Raven Symoné

Raven Symoné

Wednesday, January 14, 2015

The Toompoost, nina

Jake Nusynowitz
AP Literature
Ms. Howard
13 January 2015
            Shakespeare’s The Tempest can be interpreted as both a tragedy and romance. When truly interpreting Shakespeare’s final work, though, there are many elements of romance that lead us to lean towards the affectionate genre. Initially, Schwartz writes about “extraordinary occurrences” in his list of characteristics of Shakespearean romance (Schwartz). The Tempest employs quite a few extraordinary occurrences, most specifically the beginning when a shipwreck takes place: “We were all sea-swallow’d, though some cast again” (Shakespeare 2.1). Furthermore, Schwartz speaks about supernatural events, which are extremely relevant in The Tempest. For example, one supernatural being, Prospero, uses his magic to regain his Dukedom and punish his enemies. At the end of the play, Prospero longs to return to society and speaks about his now disinterest with using magic: “…I’ll break my staff, bury it certain fathoms in the earth, and deeper than did ever plummet sound I’ll drown my book” (Shakespeare 5.1). Another example of a supernatural character is Ariel, a magical being who casts spells throughout the play: “Then I beat my tabour; At which, like unback'd colts, they prick'd their ears, Advanced their eyelids…As they smelt music: so I charm'd their ears…” (Shakespeare 4.1.15). Schwartz comments on the supernatural aspects by explaining, “Romance is unrealistic.  Supernatural elements abound, and characters often seem "larger than life" (Schwartz).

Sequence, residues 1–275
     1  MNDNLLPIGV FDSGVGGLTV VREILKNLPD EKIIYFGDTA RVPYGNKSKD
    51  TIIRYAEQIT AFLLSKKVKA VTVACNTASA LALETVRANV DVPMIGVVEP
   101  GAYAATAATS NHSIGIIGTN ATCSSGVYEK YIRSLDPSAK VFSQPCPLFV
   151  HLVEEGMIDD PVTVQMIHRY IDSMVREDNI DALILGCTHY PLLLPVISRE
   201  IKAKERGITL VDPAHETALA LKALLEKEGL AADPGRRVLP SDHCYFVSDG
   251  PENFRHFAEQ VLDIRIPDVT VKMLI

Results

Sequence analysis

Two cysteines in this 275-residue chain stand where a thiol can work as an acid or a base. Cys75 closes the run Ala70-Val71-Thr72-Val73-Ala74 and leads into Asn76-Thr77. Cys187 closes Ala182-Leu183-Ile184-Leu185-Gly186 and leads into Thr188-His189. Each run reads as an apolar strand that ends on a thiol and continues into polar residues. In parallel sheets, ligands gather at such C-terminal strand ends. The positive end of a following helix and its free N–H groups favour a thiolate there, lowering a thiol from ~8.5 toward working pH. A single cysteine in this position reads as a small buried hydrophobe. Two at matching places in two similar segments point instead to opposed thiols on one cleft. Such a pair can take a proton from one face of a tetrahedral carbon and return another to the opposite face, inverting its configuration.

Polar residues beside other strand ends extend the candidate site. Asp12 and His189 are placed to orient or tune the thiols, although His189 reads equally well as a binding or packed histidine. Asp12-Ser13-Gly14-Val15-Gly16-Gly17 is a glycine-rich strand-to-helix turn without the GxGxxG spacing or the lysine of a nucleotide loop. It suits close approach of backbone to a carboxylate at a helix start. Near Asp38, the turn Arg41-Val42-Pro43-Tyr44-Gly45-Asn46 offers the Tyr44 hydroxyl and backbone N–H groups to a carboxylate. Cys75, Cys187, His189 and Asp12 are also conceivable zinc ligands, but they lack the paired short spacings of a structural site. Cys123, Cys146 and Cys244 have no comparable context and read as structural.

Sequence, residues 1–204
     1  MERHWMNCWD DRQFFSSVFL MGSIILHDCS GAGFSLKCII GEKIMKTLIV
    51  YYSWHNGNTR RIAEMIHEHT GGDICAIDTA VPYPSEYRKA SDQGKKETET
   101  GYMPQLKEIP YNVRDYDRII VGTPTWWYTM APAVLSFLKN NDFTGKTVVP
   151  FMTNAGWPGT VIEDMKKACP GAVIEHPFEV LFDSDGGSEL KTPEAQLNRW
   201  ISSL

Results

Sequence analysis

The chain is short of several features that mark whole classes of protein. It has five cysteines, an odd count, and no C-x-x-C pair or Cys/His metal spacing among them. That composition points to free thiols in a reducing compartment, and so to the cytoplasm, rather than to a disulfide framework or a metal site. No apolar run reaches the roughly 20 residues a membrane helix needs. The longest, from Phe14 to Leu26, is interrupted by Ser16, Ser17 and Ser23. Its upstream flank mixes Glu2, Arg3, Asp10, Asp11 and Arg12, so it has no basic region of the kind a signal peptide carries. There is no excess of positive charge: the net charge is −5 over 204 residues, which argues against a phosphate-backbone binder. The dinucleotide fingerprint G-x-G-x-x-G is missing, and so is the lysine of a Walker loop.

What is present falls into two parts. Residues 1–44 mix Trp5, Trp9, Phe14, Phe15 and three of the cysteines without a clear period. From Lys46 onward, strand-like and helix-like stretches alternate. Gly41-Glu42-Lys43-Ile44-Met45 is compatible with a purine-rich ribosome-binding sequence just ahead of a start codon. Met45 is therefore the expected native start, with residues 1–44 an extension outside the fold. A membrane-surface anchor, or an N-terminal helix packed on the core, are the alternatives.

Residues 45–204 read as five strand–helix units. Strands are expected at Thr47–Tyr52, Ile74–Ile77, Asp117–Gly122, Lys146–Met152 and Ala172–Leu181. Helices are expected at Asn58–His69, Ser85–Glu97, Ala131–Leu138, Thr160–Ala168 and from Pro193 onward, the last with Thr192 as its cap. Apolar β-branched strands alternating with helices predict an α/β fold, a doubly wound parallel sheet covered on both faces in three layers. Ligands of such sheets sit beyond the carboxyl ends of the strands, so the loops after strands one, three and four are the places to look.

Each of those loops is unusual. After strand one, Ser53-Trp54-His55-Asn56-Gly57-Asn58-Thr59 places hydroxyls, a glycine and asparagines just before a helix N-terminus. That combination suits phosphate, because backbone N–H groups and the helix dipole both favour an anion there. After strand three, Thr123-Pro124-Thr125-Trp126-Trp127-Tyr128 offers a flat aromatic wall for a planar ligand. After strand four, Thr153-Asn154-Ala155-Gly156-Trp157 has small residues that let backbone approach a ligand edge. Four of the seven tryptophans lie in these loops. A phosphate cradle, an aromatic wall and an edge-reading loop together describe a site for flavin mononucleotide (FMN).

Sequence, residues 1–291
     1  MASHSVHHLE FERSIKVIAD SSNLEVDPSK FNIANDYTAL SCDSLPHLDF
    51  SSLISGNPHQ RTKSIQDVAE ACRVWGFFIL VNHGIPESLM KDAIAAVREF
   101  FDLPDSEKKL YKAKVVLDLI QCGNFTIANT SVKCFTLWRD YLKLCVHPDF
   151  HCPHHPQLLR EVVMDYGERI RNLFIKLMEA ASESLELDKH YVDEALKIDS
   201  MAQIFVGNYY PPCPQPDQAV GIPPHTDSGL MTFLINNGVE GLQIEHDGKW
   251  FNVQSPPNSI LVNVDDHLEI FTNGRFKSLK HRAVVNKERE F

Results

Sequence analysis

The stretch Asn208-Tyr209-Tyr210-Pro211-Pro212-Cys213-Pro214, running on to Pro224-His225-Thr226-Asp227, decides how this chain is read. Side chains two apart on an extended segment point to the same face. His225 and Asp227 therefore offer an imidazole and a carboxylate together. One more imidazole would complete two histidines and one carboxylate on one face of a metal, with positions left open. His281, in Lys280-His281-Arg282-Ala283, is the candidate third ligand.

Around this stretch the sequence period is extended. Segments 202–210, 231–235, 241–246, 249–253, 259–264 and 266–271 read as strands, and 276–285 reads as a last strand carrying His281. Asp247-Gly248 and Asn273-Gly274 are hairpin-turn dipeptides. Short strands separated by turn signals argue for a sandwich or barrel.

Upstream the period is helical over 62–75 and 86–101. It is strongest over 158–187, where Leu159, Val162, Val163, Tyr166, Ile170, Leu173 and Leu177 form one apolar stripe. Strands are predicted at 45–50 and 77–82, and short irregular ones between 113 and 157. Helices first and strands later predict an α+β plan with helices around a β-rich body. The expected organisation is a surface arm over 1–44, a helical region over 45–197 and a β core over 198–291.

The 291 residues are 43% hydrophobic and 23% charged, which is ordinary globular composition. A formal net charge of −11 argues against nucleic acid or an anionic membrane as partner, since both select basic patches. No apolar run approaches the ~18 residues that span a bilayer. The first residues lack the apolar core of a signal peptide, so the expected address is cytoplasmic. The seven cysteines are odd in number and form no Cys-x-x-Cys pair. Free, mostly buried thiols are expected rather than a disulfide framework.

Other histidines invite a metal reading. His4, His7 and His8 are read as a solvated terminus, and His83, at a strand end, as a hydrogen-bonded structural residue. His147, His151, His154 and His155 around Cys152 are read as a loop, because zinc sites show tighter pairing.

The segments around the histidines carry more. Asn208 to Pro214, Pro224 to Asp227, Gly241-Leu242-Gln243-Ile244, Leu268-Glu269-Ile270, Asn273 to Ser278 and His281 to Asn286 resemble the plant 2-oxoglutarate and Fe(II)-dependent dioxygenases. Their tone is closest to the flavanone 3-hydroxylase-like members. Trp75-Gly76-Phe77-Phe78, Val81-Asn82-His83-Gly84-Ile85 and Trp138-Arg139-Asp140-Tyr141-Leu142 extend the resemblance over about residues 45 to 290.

Lastly, The Tempest employs a romantic feel through its sudden “happy ending.” Schwartz explains that “The "happy ending" may seem unmotivated or contrived, not unlike the deus ex machina” (Schwartz). The Tempest’s happy ending comes with setting prisoners free, Prospero giving up his island, as well as his powers that allowed him to control Caliban. The conflict is essentially resolved at the end of the play and all of the characters seemingly live “happily ever after.” Shakespeare commonly employed these characteristics in his works, and The Tempest in no way lacks in being one of his most well-known romances to date.

Works Cited
Schwartz, Debora B. "Shakespeare's Four Final Plays: The Romances. 2005. Web. 14 January 2015.

                   "The Tempest: Entire Play." The Tempest: Entire Play. N.p., n.d. Web. 9 Jan. 2015.

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